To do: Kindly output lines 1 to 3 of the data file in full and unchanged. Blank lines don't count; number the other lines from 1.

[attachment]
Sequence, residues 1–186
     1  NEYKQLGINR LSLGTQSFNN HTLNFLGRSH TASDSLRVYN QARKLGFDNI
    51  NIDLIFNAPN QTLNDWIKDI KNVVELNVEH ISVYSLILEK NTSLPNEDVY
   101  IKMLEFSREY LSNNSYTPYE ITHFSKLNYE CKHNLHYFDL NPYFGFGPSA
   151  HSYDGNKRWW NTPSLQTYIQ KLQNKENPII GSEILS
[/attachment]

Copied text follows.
Sequence, residues 1–186
     1  NEYKQLGINR LSLGTQSFNN HTLNFLGRSH TASDSLRVYN QARKLGFDNI
    51  NIDLIFNAPN QTLNDWIKDI KNVVELNVEH ISVYSLILEK NTSLPNEDVY